Protocol of Amendments to Convention on International Hydrographic OrganizationSenate Consideration of Treaty Document 110-9
Treaty DocumentShow Overview
Text - Treaty Document: Senate Consideration of Treaty Document 110-9All Information (Except Treaty Text)
A Senate treaty document provides the text of the treaty as transmitted to the Senate, as well as the transmittal letter from the President, the submittal letter from the Secretary of State, and accompanying papers.
Text of Treaty Document available as:
For complete and accurate display of this text, see the PDF.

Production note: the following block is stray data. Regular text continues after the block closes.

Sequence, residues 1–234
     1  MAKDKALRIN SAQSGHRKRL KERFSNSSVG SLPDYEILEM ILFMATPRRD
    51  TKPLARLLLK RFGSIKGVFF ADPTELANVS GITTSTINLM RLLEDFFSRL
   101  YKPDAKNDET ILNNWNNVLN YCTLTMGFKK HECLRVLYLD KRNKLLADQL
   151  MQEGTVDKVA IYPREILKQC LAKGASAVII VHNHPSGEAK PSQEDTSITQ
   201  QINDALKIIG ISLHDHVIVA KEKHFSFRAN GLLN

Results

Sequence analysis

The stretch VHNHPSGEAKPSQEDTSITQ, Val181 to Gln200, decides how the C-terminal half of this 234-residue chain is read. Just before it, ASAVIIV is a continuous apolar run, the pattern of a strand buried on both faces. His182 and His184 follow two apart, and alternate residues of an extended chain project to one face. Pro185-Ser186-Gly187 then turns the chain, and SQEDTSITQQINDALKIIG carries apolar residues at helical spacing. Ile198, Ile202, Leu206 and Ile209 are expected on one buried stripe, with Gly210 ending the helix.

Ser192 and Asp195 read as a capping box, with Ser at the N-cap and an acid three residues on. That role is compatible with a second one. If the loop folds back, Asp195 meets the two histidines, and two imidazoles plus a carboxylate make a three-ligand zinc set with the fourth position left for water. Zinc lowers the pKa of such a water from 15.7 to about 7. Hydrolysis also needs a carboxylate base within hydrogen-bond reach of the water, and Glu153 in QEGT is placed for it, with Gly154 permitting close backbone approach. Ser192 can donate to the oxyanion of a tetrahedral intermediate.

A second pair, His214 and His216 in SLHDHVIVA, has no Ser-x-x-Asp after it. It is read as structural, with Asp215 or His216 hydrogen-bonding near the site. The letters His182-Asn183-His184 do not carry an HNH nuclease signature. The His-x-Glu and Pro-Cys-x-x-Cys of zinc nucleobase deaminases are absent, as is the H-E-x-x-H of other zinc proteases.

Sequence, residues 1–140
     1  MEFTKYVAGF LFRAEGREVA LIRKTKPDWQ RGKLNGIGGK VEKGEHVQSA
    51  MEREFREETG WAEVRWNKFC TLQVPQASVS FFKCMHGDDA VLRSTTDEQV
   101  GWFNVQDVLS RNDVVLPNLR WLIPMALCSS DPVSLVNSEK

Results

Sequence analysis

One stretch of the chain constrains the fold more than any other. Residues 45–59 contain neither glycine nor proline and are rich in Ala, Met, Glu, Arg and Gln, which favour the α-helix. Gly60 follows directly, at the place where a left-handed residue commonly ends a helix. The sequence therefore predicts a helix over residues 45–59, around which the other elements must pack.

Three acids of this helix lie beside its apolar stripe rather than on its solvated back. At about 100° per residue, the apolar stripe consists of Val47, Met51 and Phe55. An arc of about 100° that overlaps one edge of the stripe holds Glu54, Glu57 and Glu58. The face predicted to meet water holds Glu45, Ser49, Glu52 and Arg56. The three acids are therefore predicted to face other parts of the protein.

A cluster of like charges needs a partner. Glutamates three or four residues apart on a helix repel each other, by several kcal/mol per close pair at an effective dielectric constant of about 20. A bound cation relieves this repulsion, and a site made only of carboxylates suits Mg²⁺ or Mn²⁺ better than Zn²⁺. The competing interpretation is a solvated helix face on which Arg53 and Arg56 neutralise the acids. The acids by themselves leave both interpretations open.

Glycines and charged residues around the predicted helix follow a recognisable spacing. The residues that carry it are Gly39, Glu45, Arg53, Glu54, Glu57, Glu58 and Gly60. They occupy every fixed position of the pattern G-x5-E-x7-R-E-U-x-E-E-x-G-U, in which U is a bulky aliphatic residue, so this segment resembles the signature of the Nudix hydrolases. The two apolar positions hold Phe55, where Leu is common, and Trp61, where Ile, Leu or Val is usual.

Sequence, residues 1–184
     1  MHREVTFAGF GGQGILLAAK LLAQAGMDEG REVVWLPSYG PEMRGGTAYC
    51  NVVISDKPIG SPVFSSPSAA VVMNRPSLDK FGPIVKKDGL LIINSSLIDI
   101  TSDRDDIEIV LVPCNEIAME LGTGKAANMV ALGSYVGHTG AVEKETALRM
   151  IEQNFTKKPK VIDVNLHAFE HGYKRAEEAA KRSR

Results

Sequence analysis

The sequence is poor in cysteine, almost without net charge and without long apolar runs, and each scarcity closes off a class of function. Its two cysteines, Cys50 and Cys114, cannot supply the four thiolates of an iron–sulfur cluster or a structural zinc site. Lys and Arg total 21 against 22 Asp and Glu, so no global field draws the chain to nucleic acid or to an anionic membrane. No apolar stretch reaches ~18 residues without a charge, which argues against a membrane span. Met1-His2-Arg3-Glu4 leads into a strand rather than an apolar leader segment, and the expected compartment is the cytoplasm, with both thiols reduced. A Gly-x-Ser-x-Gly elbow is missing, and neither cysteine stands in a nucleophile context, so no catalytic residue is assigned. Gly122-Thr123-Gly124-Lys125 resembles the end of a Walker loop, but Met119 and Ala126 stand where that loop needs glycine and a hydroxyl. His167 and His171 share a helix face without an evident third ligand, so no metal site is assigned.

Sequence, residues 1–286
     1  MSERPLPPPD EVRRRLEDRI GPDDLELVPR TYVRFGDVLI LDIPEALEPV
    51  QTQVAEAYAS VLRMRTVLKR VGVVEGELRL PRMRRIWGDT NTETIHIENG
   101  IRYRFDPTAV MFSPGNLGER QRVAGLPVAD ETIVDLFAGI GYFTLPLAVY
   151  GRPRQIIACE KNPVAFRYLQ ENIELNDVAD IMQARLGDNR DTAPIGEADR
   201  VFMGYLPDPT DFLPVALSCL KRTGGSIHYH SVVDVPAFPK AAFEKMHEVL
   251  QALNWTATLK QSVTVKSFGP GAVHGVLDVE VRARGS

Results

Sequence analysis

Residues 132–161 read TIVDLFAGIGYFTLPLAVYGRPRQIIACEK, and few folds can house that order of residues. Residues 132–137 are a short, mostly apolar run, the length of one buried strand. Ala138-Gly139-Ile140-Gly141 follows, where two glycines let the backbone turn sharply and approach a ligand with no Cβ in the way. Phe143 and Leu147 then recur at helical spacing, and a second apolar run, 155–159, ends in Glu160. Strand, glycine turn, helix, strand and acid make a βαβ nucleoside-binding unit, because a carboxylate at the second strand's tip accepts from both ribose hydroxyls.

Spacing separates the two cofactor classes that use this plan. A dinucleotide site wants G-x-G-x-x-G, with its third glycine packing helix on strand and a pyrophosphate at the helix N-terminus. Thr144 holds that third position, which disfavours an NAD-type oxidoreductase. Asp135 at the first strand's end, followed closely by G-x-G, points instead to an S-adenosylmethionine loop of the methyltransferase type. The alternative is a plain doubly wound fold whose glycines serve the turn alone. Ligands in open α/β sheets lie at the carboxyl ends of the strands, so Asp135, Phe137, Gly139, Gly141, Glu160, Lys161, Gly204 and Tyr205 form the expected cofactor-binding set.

[Senate Treaty Document 110-9] [From the U.S. Government Publishing Office] 110th Congress 1st Session SENATE Treaty Doc. 110-9 _______________________________________________________________________ PROTOCOL OF AMENDMENTS TO CONVENTION ON INTERNATIONAL HYDROGRAPHIC ORGANIZATION __________ MESSAGE from THEPRESIDENTOFTHEUNITEDSTATES transmitting PROTOCOL OF AMENDMENTS TO THE CONVENTION ON THE INTERNATIONAL HYDROGRAPHIC ORGANIZATION DONE AT MONACO ON APRIL 14, 2005 October 23, 2007.--Treaty was read the first time, and together with the accompanying papers, referred to the Committee on Foreign Relations and ordered to be printed for the use of the Senate LETTER OF TRANSMITTAL ---------- The White House, October 23, 2007. To the Senate of the United States: With a view to receiving the advice and consent of the Senate to ratification, I transmit herewith the Protocol of Amendments to the Convention on the International Hydrographic Organization done at Monaco on April 14, 2005. The Protocol amends the Convention on the International Hydrographic Organization, which was done at Monaco on May 3, 1967, and entered into force for the United States on September 22, 1970 (TIAS 6933; 21 UST 1857; 752 UNTS 41). I am also transmitting, for the information of the Senate, the report of the Secretary of State on the Protocol. The Protocol will facilitate the reorganization of the International Hydrographic Organization (IHO). The IHO, which is a technical and consultative international organization head- quartered in Monaco, facilitates safe and efficient maritime navigation throughout the world. It accomplishes these objectives by facilitating the coordination of the activities of national hydrographic offices, promoting uniformity in the nautical charts and documents generated by such offices, encouraging the adoption of reliable surveying methods, and fostering the development of the science of hydrography. Reorganization of the IHO will result in a more flexible, efficient, and visible organization. Ratification of the Protocol would serve important U.S. interests. United States commercial shipping, the United States Navy, and the scientific research community rely heavily on hydrographic information collected and shared under the auspices of the IHO. The United States plays an important leadership role in the IHO and as a result enjoys expeditious and economical access to this information. Moreover, the United States has committed more resources than any other country to research, development, and evaluation of hydrographic instruments and therefore stands to benefit significantly from the efficiencies generated by this reorganization. Article XXI of the Convention sets forth the procedure for the approval and entry into force of amendments: amendments that are adopted or ``approved'' by the Conference enter into force for all Contracting Parties to the Convention 3 months after two-thirds of the Contracting Parties have notified the depositary of their consent to be bound. I recommend that the Senate give prompt and favorable consideration to the Protocol and give its advice and consent to ratification. George W. Bush. LETTER OF SUBMITTAL ---------- The Secretary of State, Washington, September 4, 2007. The President, The White House. The President: I have the honor to submit to you, with the recommendation that you transmit it to the Senate for its advice and consent to ratification, the Protocol of Amendments to the Convention on the International Hydrographic Organization (IHO), done at Monaco, April 14, 2005. The Protocol amends the Convention on the International Hydrographic Organization done at Monaco on May 3, 1967. Interested U.S. government agencies recommend that you transmit the Protocol to the Senate for its advice and consent to ratification. Amendments to the Convention will enable the IHO to respond rapidly to changing technologies, incorporate new members, streamline its decision-making process, and enhance its role as the lead international hydrographic organization. The IHO facilitates safe and efficient maritime navigation throughout the world by, inter alia, coordinating the activities of national hydrographic offices, promoting uniformity in the nautical charts and documents generated by such offices, and fostering the development of the science of hydrography. U.S. commercial shipping, the U.S. Navy, and the scientific and research community rely heavily on hydrographic information collected and shared under the auspices of the IHO. In accordance with Article XXI of the Convention, the amendments will enter into force for all members of the Organization three months after two-thirds of the members have notified the depository of their consent to be bound. I recommend that the Protocol of Amendments to the Convention on the International Hydrographic Organization be transmitted to the Senate for its advice and consent as soon as possible. Respectfully submitted, Condoleezza Rice. Enclosure: As stated. Overview of the Protocol of Amendments to the Convention on the International Hydrographic Organization The original Convention, which entered into force in 1970, changed the legal status of the International Hydrographic Organization (IHO). Currently, there are 80 States that are party to the IHO Convention, including the United States. Rapidly changing technologies and increasing demands from the maritime community for up-to-date hydrographic instruments led States that are members of the IHO to push for its reform. In April 2002, the XVIth Conference of the IHO established the Strategic Planning Working Group (SPWG) to study the structure and processes of the IHO and develop appropriate recommendations on reform, including revisions to the Convention. At the direction of the Conference, the SPWG developed a series of recommendations intended to make the organization's decision-making process more efficient, streamline the membership application process to increase membership, and increase the visibility of the organization. The United States actively participated in the SPWG. Throughout the negotiations, the U.S. delegation had one key objective-- adoption of recommendations that would facilitate a cost- effective reorganization of the IHO. In April 2005, the Third IHO Extraordinary Conference adopted a series of recommendations to reorganize the organization to address weaknesses identified in the current organization. The weaknesses, which include slow decision- making processes, slow growth in membership, and inadequate interaction with other international organizations and industry, were affecting the IHO's ability to execute its mandate effectively. The reorganization is intended to make the organization more responsive to Member States' needs by, inter alia, providing for faster decision-making through more regularly scheduled Conferences in which all Member States participate and annual meetings of a smaller, more dynamic representative body, the Council, through which Member States can oversee the organization between Conferences. Reorganization will consolidate the committee structure, which will result in improved communication mechanisms and better defined organizational goals and operating guidelines. Relationships with other intergovernmental organizations, such as the International Maritime Organization, and non- governmental associations, industry, and professional institutions will be expanded and improved to facilitate better understanding of the mission and goals of the IHO and ways through which the IHO can interact with, and support efforts of, other organizations with similar objectives. Implementation of some of the recommendations requires amendments to the Convention. The Protocol of Amendments will amend the Convention by, inter alia, clarifying the respective functions of the organs of the organization, including those of the principal organ, the Conference (to be referred to as the ``Assembly''); establishing a new organ, the Council, with responsibility for coordinating the activities of the organization during the period between two Assemblies; shortening the period between meetings of the Assembly from five years to three years to enable the organization to address significant policy concerns on a more timely basis; and streamlining the process by which States can become members, thereby facilitating increased Member State participation in the organization, greater worldwide chart coverage, and, as a result, improved safety of global navigation. These amendments do not change the fundamental technical and consultative nature of the organization. Article XXI of the Convention sets forth the procedure for the approval and entry into force of amendments: amendments that are adopted or ``approved'' by the Conference enter into force for all Contracting Parties to the Convention three months after two-thirds of the Contracting Parties have notified the depositary of their consent to be bound. A more detailed description of the amendments is provided in the article-by-article analysis presented below. article 1 This provision amends the Preamble to replace the reference to ``Governments Parties'' to this Convention with ``States Parties,'' in order to conform with the more used terminology for States that are party to an agreement. It also adds three new paragraphs to the preamble, which, respectively, clarify the coordinating role of the Organization with respect to the setting of standards for the production of hydrographic data and the provision of hydrographic services; describe the vision of the Organization to be that of the ``authoritative worldwide hydrographic body;'' and assert that the mission of the Organization ``is to create a global environment in which States provide adequate and timely hydrographic data, products and services and ensure their widest possible use.'' Nothing in these new paragraphs changes the technical and consultative nature of the Organization. article 2 This provision amends Article II of the Convention to provide a more detailed description of the Organization's objectives. It describes the specific objectives of the Organization, all of which are consistent with the longstanding functions and purposes of the Organization, which are to facilitate coordination of the activities of national hydrographic offices, promote uniformity in nautical charts and documents, adopt reliable and efficient methods of carrying out hydrographic surveys, and foster the development of sciences in the field of hydrography and the techniques employed in descriptive oceanography. article 3 This provision amends Article III of the Convention to replace the reference to ``Governments Parties'' with ``States Parties,'' in order to conform with the more regularly used terminology for States that are party to an agreement. article 4 This provision amends Article IV of the Convention to reflect the Conference's decision to replace the reference to ``The International Hydrographic Conference'' with the term ``Assembly,'' and the reference to the ``International Hydrographic Bureau'' with the term ``Secretariat.'' Neither change affects the substantive roles of either organ of the Organization. The provision further amends Article IV to reflect the Conference's decision to establish a new organ known as the ``Council,'' to make a specific reference to the existing Finance Committee, and to acknowledge the possible creation of additional subsidiary organs. The roles and composition of the Assembly, Council, Finance Committee, and Secretariat are addressed in subsequent provisions of the Protocol. article 5 This provision replaces Article V and incorporates provisions of Article VI of the Convention, resulting in language that clarifies the structure, composition, functions, and working methods of the Conference (to be referred to as the Assembly consistent with the amendment set forth in Article 4 of the Protocol), which is the principal organ of the Organization. Article 5 provides that the Assembly shall be the principal organ of the Organization and shall have all the powers of the Organization, unless otherwise regulated by the Convention or delegated by the Assembly to other organs. With the exception of a change of terminology from ``Conference'' to ``Assembly,'' this is consistent with the provisions of the existing Convention. Article 5 provides that the Assembly shall be comprised of all the Member States of the Organization and is consistent with current Article VI of the Convention, which states that the ``Conference shall be composed of representatives of Member Governments.'' Article 5 provides that an ordinary session of the Assembly shall be held every three years as opposed to every five years as currently provided for in Article VI of the Convention. The decision to shorten the period between ordinary sessions of the Assembly is consistent with the SPWG recommendation to hold more frequent Assembly meetings to enable the Organization to respond more effectively to rapidly changing technologies and other developments that affect the Organization's functions. Article 5 establishes a quorum for meetings of the Assembly and lists the functions of the Assembly, which include, inter alia, deciding the overall policy, strategy, and work program of the Organization; deciding on any proposals put to it by any Member State, the Council or the Secretary-General; approving the three-year budget of the Organization; deciding on the operational services of the Organization; delegating, where appropriate and necessary, responsibilities to the Council, and establishing subsidiary organs of the Organization. article 6 This provision replaces Article VI of the Convention with a provision that describes the structure, composition, functions, and certain working methods of the Council, which will constitute a new organ of the Organization. The Council was established in order to facilitate decision-making between Assembly sessions. Article 6 provides that the Council will be comprised of one-fourth, but not less than thirty, of the Member States of the Organization. It states that the principles governing the composition of the Council will be set forth in the General Regulations. Article 6 further provides that the Council will meet at least once a year to perform the functions delegated to it by the Assembly or otherwise conferred on it directly under the Convention. It sets forth the functions of the Council, including coordinating activities of the Organization during the period between Assembly sessions; reporting to the Assembly at each ordinary session on the work of the Organization; preparing proposals, with the support of the Secretary-General, on the overall strategy and work program to be adopted by the Assembly; and proposing to the Assembly the establishment of subsidiary organs. Member States that are not members of the Council may participate in the meetings of the Council, without the right to vote and the quorum required for a meeting of the Council would be two- thirds of the members of the Council. article 7 This provision amends Article VII of the Convention concerning the Finance Committee to clarify that membership in the Finance Committee shall be open to all Member States, each Member State shall have one vote, and that the Finance Committee ``shall normally be convened in conjunction with each ordinary session of the Assembly and may convene additional meetings as appropriate.'' It amends Article VII to include a description of the functions of the Finance Committee and an explicit reference to the Committee's existing authority to elect its Chair and Vice-Chair. article 8 This provision amends Article VIII of the Convention, which describes the functions of the International Hydrographic Bureau, now to be referred to as the ``Secretariat.'' It amends Article VIII by adding a new subparagraph on the composition of the Secretariat, an issue currently addressed under Article IX of the Convention. Article 8 further amends Article VIII by providing a description of the role and functions of the Secretary-General, an issue currently addressed, in part, in Article X of the Convention (referring to the President of the Directing Committee). For example, Article 8 explicitly provides that the Secretary-General shall be the chief administrative officer of the Organization; although this is currently the case, it is not specifically addressed in the Convention. Article 8 further amends Article VIII of the Convention to provide that the Secretary-General, Directors, and other personnel of the Organization must act as ``international officials'' (rather than representatives of their own governments) and as such must refrain from any action that may be incompatible with their positions as international officials. Moreover, Article 8 requires Member States to respect the exclusively international character of the responsibilities of the Secretary-General, Directors and personnel of the Organization and not seek to influence them in the discharge of their responsibilities. Although the Convention does not currently make references to the responsibility of Organization personnel to act as ``international officials'' and the duty of Member States to refrain from unduly influencing the work of such officials, both personnel and Member States have generally understood that this is expected of them. article 9 This provision amends Article IX of the Convention by replacing language that previously described the composition of the Bureau (now referred to as the ``Secretariat'' and dealt with in Article 8 of the Protocol) with provisions on the decision-making process of the Organization. This provision codifies existing practice. Member States should try to reach decisions by consensus. Where decisions cannot be reached by consensus, each Member State generally shall have one vote. With regard to the election of the Secretary-General and Directors, however, each Member State shall have a number of votes determined by a scale established in relation to the tonnage of their fleets. With the exception of decisions on matters relating to the policy or finances of the Organization, amendments to the Convention, and accession to the Convention by a State that is not a member of the United Nations, decisions that cannot be reached by consensus shall be taken by a simple majority of Member States present and voting. article 10 Article 10 replaces Article X of the Convention concerning the Bureau (referred to as the ``Secretariat'' under amendments set forth in the Protocol and addressed in Article 8 of the Protocol) with a provision that authorizes the Organization to cooperate with international organizations whose interests and activities are related to the purpose of the Organization. article 11 This provision amends Article XI of the Convention by clarifying that in the event of inconsistency between the Convention and the General Regulations or Financial Regulations, the Convention shall prevail. This provision codifies existing practice. article 12 This provision amends Article XIII of the Convention by replacing the reference to ``juridical personality'' with a reference to ``legal personality,'' a term more commonly used in the constituting instruments of international organizations. article 13 This provision provides for the replacement of the phrase ``Member Governments'' in Article XIV(a) of the Convention with a reference to ``Member States'' in accordance with the decision of the Third Extraordinary Conference. This is a formalistic change that does not alter the substance of Article XIV(a). Article 13 further provides for the replacement of the term ``Finance Committee'' in Article XIV(b) of the Convention with the term ``Assembly.'' This change is necessary to implement the Conference's decision to require Assembly approval of the use of donations, bequests, subventions and other sources to fund the expenses of the Organization; this function currently falls within the purview of the Finance Committee. article 14 This provision amends Article XV of the Convention to clarify that the ``rights'' that Member States stand to lose as a result of being in arrears for two years in their contributions are restricted to ``voting rights.'' article 15 This provision amends Article XVI by replacing language concerning the Directing Committee's role in drafting the budget of the Organization--an issue taken up in Article 8 of the Protocol, which among other things describes the functions of the Secretariat--with a provision clarifying the depositary functions of the Government of His Serene Highness the Prince of Monaco. These functions include informing the Secretary- General and all Member States of applications for accession received from States that are not members of the United Nations and informing the Secretary-General and all Member States of each new deposit of an instrument of ratification, acceptance, approval, or accession, the date of entry into force of any amendment to the Convention and the deposit of any instrument of denunciation of the Convention, together with the date on which its was received and the date on which the denunciation takes effect. This provision is consistent with current provisions of the Convention concerning the functions of the depositary. article 16 This provision amends Article XVII of the Convention by replacing the phrase ``Directing Committee'' with the phrase ``Secretary-General of the Organization.'' This change is consistent with the Conference's decision to revise the functions of the Directing Committee and for purposes of this specific provision authorize the Secretary-General to offer his or her good offices to facilitate the settlement of disputes concerning the interpretation or application of the Convention. The Secretary-General's good offices are not the only mechanism available for facilitating the settlement of disputes. Article XVII of the Convention provides that disputes also may be settled by negotiation or, at the request of one of the parties to the dispute, by an arbitrator designated by the President of the International Court of Justice. article 17 This provision amends Article XX of the Convention to reflect the Conference's decision to make it easier for States that are members of the United Nations to become party to the Convention. Currently, under Article XX of the Convention, a maritime State may accede to the Convention if it applies to the Government of the Principality of Monaco specifying the tonnage of its fleets and has its admission approved by two- thirds of the Member Governments of the Organization. Article 17 amends this provision to provide that any State that is a member of the United Nations may accede to the Convention by depositing its instrument of accession with the Depositary. States that are members of the United Nations will no longer be required to have their admission approved by two-thirds of the membership of the Organization. States that are not members of the United Nations will have to apply to the Depositary and have their applications approved by a two-thirds vote of the Member States. article 18 This provision amends Article XXI of the Convention. Some of the amendments are technical changes to reflect decisions by the Conference to use new terms for certain entities, in this case, replacing ``Contracting Party'' with ``Member State,'' ``Contracting Parties'' with ``Member States,'' ``Conference'' with ``Assembly,'' ``President of the Directing Committee'' with ``Secretary-General of the Organization,'' and ``Government of the Principality of Monaco'' with ``the Depositary.'' Article 18 also provides that proposals of amendments will be decided upon by a majority of two-thirds of the Member States present and voting, which differs from the current requirement that proposals of amendments be decided upon by a ``majority of two-thirds of the Member Governments represented at the Conference.'' Article 18 of the Protocol also amends Article XXI of the Convention to require that proposals of amendments be submitted to the Secretary-General not less than six months prior to the next session of the Assembly. Article XXI does not establish a time limit for the submission of proposals of amendment. article 19 This provision amends Article XXII of the Convention to effect the technical change of replacing references to the ``Government of the Principality of Monaco'' with the phrase ``the Depositary.'' It also removes subparagraph two of Article XXII, which pursuant to Article 15, paragraph (c) of the Protocol will be incorporated into Article XVI of the Convention. article 20 This provision states that amendments adopted during the XIIIth and XVth Conferences, which have not yet entered into force shall not hereafter enter into force. Accordingly, it clarifies that such amendments will not enter into force, including for those Member States that have ratified or otherwise notified their consent to be bound by the amendments.